If it was actually completed, said Haruna, the REA would invite NEMSA to inspect it, and issue a certificate. Bukar and Bounty was not issued any certificate of completion in those four months Spark claimed the grid was up. “Its none of NEMSA’s business to do that,” he said. ‘This is a renewable energy home system—not transformers installation and other things that NEMSA inspects.” Haruna didn’t respond immediately to a request to confirm this—the agency’s powers for renewable energy certification. On November 19, Tukur T. Aliyu, the general manager/head of department for Technical Standard &Inspection at NEMSA’s headquarters, Abuja, eventually responded by mail. “NEMSA has the mandate to carry out inspection, testing, and certification of renewable electricity project,” Aliyu wrote and signed on behalf of the managing director/CEO and chief electrical inspector of the federation.

For all the REA cares, the contract sum has been paid up. Spark never complained the agency owed Bukar and Bounty. But the project is still marked “on-going”on the agency’s website—since 2016.

The 320kw solar power grid was to serve just 26 households at Onidundu and its neighbour Eleyele, which had nine of the 26 smart meters.

Some experts in the renewable power generation industry the newspaper interviewed had their doubts about the viability of this project. “There’s no solar grid here,” said Tunji Romini, the CEO of Solar Centric Technology. His take on the project failure was based on the picture he saw, the details of the grid components presented, the contract amount, and the best practices in the industry. A solar panel, said Iromini, is 260 watts. Ten panels will thus generate 2.6 kilowatts. By his estimate, 1230 panels will just be about enough for the 320kw solar grid. It was no surprise the 30 panels installed was bad job.

The project might have failed—not only because of the butterfingers that slapped it together. Or because of the lust for what was in it for the company. The budget, too, contributed.

And the blame, for this, would be on the REA procurement department that awarded the contract. The Public Procurement Act (PPA) says there must be adequate budget provision before awarding a contract. Section 16, subsection 4.2 (b) of the PPA states: “Based only on procurement plans supported by prior budgetary appropriations; and no procurement proceedings shall be formalized until the procuring entity has ensured that funds are available to meet the obligations…”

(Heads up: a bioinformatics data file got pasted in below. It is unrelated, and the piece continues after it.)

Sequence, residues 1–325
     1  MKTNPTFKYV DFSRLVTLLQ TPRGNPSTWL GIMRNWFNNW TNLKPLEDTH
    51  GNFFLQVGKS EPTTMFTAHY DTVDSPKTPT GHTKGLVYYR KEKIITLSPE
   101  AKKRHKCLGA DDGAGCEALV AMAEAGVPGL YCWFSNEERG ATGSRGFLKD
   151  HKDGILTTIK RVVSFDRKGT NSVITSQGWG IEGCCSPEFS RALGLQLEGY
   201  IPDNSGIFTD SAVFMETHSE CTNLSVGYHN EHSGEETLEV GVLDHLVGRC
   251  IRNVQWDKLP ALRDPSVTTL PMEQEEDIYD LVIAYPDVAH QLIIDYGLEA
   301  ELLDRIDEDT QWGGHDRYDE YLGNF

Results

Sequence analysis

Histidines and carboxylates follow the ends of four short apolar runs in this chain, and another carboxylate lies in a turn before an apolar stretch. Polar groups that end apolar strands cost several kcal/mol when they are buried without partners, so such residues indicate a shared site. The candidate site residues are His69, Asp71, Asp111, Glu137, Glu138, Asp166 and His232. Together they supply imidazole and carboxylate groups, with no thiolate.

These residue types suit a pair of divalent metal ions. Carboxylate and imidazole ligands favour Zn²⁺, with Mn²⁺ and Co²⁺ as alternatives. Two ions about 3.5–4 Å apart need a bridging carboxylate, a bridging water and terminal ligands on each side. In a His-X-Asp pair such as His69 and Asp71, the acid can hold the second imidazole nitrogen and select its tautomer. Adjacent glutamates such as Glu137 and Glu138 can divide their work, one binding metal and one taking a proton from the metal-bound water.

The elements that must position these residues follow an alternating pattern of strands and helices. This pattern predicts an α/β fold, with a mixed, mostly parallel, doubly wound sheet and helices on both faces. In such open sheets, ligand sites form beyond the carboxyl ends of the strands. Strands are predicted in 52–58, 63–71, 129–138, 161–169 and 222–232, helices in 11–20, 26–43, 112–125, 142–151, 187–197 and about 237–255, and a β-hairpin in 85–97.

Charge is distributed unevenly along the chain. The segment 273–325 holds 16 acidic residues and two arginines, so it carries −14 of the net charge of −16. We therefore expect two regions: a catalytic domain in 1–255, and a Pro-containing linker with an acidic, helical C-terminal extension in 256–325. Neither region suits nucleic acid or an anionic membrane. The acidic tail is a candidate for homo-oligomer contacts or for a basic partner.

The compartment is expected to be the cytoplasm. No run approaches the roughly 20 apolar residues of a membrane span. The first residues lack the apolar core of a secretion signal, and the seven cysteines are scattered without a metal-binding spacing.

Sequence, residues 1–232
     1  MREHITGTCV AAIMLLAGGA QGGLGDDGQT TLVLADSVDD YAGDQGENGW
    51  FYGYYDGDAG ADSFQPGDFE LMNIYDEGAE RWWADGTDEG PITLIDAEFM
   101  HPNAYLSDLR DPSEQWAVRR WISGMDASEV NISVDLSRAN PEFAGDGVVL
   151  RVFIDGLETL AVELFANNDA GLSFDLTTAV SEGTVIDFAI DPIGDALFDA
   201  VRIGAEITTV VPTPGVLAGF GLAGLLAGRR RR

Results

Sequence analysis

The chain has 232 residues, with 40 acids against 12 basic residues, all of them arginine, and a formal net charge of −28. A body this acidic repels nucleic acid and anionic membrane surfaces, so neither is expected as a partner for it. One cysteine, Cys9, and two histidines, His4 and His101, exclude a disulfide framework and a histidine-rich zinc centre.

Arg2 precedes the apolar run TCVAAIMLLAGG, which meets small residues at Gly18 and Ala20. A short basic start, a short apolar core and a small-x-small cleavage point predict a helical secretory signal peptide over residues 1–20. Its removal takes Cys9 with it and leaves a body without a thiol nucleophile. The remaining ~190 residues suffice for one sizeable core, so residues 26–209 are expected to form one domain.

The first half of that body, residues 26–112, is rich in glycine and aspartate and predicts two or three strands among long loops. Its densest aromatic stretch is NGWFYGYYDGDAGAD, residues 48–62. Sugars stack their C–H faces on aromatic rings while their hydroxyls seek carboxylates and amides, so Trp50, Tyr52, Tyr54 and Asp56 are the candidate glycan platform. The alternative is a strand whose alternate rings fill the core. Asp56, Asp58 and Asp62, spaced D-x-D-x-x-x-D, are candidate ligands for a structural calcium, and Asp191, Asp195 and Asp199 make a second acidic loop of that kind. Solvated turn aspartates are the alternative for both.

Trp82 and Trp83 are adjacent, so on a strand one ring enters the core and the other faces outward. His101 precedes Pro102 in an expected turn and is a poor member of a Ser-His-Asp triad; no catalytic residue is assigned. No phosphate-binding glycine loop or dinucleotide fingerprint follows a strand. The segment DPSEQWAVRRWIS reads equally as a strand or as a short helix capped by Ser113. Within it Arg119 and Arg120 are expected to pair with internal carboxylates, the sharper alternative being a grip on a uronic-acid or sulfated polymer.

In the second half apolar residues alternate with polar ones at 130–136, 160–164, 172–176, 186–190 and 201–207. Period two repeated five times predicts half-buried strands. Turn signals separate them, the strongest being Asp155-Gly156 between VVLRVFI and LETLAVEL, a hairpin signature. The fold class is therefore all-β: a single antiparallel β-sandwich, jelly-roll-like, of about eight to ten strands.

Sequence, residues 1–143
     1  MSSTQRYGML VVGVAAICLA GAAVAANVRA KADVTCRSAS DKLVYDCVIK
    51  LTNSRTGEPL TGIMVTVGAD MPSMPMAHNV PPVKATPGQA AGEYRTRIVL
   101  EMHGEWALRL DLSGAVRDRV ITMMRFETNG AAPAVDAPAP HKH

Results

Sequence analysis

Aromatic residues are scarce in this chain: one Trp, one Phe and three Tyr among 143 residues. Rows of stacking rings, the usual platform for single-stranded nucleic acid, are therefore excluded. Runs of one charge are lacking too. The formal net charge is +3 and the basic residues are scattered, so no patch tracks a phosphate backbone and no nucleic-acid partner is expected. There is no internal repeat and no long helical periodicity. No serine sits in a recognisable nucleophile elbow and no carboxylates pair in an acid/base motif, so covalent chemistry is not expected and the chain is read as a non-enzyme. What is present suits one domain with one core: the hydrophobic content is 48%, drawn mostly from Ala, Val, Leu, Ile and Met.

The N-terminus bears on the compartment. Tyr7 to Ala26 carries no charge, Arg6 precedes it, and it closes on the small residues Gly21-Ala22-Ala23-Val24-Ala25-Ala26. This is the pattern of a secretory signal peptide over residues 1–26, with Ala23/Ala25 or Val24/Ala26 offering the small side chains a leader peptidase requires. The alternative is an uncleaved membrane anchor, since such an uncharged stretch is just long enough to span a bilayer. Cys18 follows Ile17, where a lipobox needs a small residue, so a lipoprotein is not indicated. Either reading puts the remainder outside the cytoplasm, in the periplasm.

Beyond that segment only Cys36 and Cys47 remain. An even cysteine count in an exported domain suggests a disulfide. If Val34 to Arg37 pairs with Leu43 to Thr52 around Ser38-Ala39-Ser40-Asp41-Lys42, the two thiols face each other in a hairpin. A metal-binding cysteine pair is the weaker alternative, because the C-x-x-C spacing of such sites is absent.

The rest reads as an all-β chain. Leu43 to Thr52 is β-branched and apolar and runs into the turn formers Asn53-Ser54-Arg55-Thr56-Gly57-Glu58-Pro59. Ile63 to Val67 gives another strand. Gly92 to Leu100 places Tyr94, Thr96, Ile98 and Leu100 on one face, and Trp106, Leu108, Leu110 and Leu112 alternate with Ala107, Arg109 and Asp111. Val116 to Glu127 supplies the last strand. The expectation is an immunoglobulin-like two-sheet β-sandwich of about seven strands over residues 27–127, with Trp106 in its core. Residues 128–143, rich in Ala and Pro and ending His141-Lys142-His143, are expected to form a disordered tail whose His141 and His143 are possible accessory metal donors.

But the REA budgeting and planning failed here, and its pattern of appropriation seemed a little tricky.

Delta, for instance, had its own mini-grid, to generate 40kw. Its cost stood at N60 million, compared to the N35.2 million for Onidundu’s 320kw grid. Taraba’s 160kw grid had N45 million. Abia’s 100kw got N45 million. The nine grids were to generate 743kw all together. And the total budget was N355 million. To construct and deliver nine solar mini-grids with this chicken feed is just a pipe dream, Romini said. He also added that to construct a 100kw system, you need a minimum of N100m.

The GVE-EU projects also confirm this—that solar mini-grids cannot stand on a shoestring budget. According to GVE’s managing director, Ifeanyi Orajaka, the two solar mini grids the company delivered, 50kW each, were constructed at the cost of €681,000. That was N243 million.

Which means the Onidundu 320kw solar grid could have guzzled up at least N300 million. That’s about 100 times the miserable N32 million voted for it.

The newspaper asked in an e-mail whether the REA did its due diligence in the financial planning for these projects. The agency did not respond.

That, however, is easy to tell: The REA threw N35 million at a solar mini-grid worth N300 million, and the host community continues to wallow in energy poverty. The end justifies the means.

More than 1 billion people like the Onidundu residents are floundering in darkness around the world. They, the International Energy Agency says, lack access to a stable supply of electricity. At least 100 million of them live in Nigeria, mostly off-grid, according to the REA.

To connect these masses of peasants and the lowest of the low to the national grid doesn’t make much economic sense, experts say. It could be quite pricey. For basic services from the grid extension, a consumer pays about N3,600 monthly. From the mini-grid, a basic service goes for about N3000, according to a document by the REA. Which is why a renewable alternative, like the solar mini-grid system, becomes a game-changer. The agency says it has identified 250 sites across Nigeria—where the mini-grid system is sustainable, and bankable, too. The market size is $8 billion, the largest of the three major markets in Africa.

The catch, however, is regulation. And the vibes coming from the regulators in rural electrification can’t be more disturbing. The REA and NEMSA have ballsed up the experiment with government-financed solar mini-grid projects at the very seminal stage of the market. They slackened the procurement process, let in Bukar & Bounty Ltd and other soldiers of fortunes to take on projects they had little idea how to execute.

It’s dark now at Onindudu and other off-grid communities thanks to REA slouching.

It may get darker when swarms of hawkish investors swoop in.